IT WAS THE popular belief that etiquette is simply a matter of acting naturally that drove Miss Manners from her comfortable chaise lounge into this business. Miss Mannners does not want people to act naturally; she wants them to act civilly.

Nowhere is the difference more evi-people naturally treat the disabled. You turn a well-meaning, good-hearted, average, sensitive citizen loose on someone who is not as able-bodied as himself, and just watch the well-meaning, good-hearted insults fly.

Why do the Temporarily Able-Bodied, as they have been called, behave so unpleasantly to others? Perhaps because the disabled have been segregated in the society. Miss Manners is not interested in hearing excuses. Miss Manners just wants you to learn how to behave properly.

Insults to the handicapped seem to be based on the absurd assumption that they are not full functioning adults and therefore - like patients or children - must do as others think best for them.

That is why people cheerfully invade their privacy, smugly shield them from the admission of sexuality, address them with patronizingly false good cheer, and blithely overrule their expressed wishes.

A typically symapthetic person will think nothing of accosting another human being, if he or she is in a wheelchair, demanding to know what is "wrong." This is personal information that someone may or may not want to volunteer. As a disabled lady of Miss Manners' acquaintance put it, "You wouldn't go up to a person ask, 'Hey, why are you ugly?'"

Nor would you lean close into the face of someone you hardly know with what she describes as "that gooey smile" with which the disabeld are often presented.

Miss Manners fails to see why a person seated in a wheelchair should be approached differently from one seated in an ordinary chair - one leans at an acceptable distance or sits nearby, and does not clutch the arm of another's chair - or why the ordinary rules of converstaion, as to taste or lack of it, should not apply. But along with the presumption about lack of privacy there is an assumption about a lack of sexuality. Miss Manners has long since learned not to make such assumptions abot anyone.

Another area of offensiveness is the matter of offering assistance. A polite person will offer assistance to anyone who seems to be in need of it, but the key word here is "offer." Disabled people often find, to their peril, that assistance is given to them after they have declined it, or contrary to their instructions on what assistance would be helpful.

If the disabled person has some aide, such as a cane or a seeing eye dog, it should be entirely under his or her control. Attempts to grab the cane arm or to pet a dog on duty are as helpful as playing with the controls of a car someone else is driving. If there is a companion accompanying the disabled individual, that assistant is not to be presumed to be a guardian. You address disabled people directly, instead of talking about them in the third person in their presence; and when you talk to a deaf person, you face him, not his interpreter.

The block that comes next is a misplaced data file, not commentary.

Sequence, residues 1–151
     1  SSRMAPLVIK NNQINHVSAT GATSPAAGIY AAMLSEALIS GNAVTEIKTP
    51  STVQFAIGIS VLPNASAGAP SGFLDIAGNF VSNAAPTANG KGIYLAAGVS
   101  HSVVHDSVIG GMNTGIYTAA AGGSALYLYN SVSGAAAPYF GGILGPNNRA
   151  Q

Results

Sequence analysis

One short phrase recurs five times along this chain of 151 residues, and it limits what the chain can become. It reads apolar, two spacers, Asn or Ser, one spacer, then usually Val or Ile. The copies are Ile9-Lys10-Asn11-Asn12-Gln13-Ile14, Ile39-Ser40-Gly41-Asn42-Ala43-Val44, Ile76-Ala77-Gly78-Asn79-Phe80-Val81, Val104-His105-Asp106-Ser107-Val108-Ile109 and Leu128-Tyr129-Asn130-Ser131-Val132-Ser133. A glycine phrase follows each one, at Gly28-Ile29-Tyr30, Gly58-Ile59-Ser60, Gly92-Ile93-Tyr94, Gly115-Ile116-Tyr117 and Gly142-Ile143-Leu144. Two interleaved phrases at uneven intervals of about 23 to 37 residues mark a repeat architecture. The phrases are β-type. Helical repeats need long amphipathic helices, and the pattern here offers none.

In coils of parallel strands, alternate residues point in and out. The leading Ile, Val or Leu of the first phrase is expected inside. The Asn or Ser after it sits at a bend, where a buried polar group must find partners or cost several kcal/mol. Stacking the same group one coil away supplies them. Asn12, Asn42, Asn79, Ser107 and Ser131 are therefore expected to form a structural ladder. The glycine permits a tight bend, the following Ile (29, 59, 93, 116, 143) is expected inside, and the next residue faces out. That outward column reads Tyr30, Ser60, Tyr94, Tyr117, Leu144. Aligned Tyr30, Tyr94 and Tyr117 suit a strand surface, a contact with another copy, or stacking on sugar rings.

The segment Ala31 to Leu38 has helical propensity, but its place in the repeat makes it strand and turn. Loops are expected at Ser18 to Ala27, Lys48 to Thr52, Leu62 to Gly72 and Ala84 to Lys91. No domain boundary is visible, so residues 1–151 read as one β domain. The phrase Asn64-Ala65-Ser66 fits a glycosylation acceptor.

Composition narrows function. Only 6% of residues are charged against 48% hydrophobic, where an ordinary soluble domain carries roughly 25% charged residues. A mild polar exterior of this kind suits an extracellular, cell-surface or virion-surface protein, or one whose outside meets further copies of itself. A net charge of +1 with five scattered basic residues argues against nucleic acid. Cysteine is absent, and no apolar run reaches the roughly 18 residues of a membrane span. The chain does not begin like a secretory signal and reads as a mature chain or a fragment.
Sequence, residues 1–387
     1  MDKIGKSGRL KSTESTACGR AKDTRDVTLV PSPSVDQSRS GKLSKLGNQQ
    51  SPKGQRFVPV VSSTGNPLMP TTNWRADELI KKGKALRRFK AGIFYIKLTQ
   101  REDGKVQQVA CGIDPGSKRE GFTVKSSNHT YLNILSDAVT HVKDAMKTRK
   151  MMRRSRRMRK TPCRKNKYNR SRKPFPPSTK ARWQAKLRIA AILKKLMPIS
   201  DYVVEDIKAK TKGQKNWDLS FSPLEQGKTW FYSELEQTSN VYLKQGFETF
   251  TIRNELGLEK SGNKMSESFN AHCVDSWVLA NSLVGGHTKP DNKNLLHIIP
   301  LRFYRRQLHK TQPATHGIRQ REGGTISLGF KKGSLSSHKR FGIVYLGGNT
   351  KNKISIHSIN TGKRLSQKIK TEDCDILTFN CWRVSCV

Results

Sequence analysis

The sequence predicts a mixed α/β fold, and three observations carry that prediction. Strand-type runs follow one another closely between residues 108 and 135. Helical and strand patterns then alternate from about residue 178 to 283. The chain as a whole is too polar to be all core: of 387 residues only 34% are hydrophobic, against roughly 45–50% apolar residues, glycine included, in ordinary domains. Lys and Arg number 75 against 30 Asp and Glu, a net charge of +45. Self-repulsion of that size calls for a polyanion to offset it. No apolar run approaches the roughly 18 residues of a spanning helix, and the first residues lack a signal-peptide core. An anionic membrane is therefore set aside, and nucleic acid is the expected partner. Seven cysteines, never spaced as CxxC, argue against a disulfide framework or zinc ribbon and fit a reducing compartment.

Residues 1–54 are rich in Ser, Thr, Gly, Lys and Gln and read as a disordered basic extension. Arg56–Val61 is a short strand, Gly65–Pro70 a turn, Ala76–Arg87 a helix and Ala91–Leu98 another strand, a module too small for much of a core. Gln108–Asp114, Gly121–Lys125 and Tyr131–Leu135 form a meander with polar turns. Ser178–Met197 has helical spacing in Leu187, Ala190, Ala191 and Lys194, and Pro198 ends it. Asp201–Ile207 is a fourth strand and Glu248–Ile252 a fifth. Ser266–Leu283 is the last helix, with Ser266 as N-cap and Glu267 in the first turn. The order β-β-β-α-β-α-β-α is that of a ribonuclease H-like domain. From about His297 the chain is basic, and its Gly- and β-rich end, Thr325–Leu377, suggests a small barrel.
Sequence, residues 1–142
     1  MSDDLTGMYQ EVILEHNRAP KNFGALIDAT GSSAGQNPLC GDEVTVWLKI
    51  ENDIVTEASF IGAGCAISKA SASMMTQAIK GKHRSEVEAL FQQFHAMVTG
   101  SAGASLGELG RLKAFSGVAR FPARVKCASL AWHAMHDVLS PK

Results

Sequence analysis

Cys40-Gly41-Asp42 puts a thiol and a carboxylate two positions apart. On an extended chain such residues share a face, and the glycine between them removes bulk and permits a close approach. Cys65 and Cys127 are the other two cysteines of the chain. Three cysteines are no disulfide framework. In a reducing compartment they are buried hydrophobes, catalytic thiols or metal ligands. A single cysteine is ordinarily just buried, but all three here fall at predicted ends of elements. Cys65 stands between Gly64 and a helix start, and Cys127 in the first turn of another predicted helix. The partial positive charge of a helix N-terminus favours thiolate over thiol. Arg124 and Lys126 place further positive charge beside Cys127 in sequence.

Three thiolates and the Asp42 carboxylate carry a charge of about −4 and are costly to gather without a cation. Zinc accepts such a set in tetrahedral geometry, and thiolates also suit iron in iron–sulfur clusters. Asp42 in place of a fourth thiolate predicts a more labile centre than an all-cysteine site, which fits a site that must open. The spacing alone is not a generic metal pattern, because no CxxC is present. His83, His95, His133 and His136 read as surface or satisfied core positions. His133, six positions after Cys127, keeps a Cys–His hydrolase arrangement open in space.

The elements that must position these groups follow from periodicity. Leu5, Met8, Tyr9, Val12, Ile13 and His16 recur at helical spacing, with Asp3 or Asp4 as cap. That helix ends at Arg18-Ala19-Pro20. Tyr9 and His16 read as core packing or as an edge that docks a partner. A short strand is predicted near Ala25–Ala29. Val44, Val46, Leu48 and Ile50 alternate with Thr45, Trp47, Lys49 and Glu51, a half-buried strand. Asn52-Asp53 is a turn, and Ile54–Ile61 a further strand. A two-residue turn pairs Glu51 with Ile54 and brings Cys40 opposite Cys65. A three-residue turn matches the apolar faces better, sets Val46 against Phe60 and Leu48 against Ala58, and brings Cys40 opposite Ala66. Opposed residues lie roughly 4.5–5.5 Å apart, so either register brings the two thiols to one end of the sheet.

Some leeway is allowed to children when they ask, "What is wrong with you?" or "How do you operate that thing?" But this is only because everybody understands that children don't know any better than to act naturally.


Q: I would like to serve escargots at a dinner party, but I am uncertain how much equipment I have to buy to serve them properly, and also whether I can assume that other people love them as much as I do.

A: Let us be honest. You do not love snails; nobody does. They are rubbery little creatures which delight in hiding in their shells to fool you. What you love is garlic butter. The snails are merely an excuse, and a welcome one, for otherwise well-behaved people to slobber down a lot of garlic butter. Therefore, while it is nice to provide your guests with shell tongs and two pronged forks with which to go snail hunting, the really essential piece of equipment is a mop, in the form of porous bread.

Q: My wedding invitations were mailed on Saturday morning, and on Saturday night I broke my engagement. It was to have been a large, formal wedding, so there will be lots of people receiving engraved invitations which must now be recalled. How shall I do this? May I use the envelopes from the announcements.?

A: Miss Manners wishes to congratulate you on your good fortune. This is not a reference to the departure of your young man, with whom Miss Manners is unacquainted, but to the fact that you have the engraved announcements at your disposal. Miss Manners suggests you correct them with a pen, so that they will now read:

Mr. and Mrs. William Joel Perfect have the honour of announcing that the marriage of their daughter Daffodil Louise to Mr. Jonathan Rhinehart Awful III will not take place

Q: Would you please give me the correct etiquette on speaking or greeting people when entering a room of people and when meeting on the street. Should the person entering the room speak first? Should the youngest speak first, respecting their elders? I have relatvies in their late teens and also young adults (married) who will never speak unless spoken to first. I was brought up different.

A: Even Queen Elizabeth has given up the rules about speaking first, and she was brought up different, too. Several years ago, when she visited America, she greeted with regal silence anyone who presumed to speak to her before being spoken to; last year, while she was not yet up to calling out "Howdy," she, at least returned all greetings. Miss Manners feels it is always gracious to address another person civilly and to acknowledge civil addresses, and is pleased to see anyone master this ability, whatever her upbringing and however late in life.

Felling incorrect? Address your etiquette questions (in black or blue-black ink on white paper) to Miss Manners, Style Section, The Washington Post.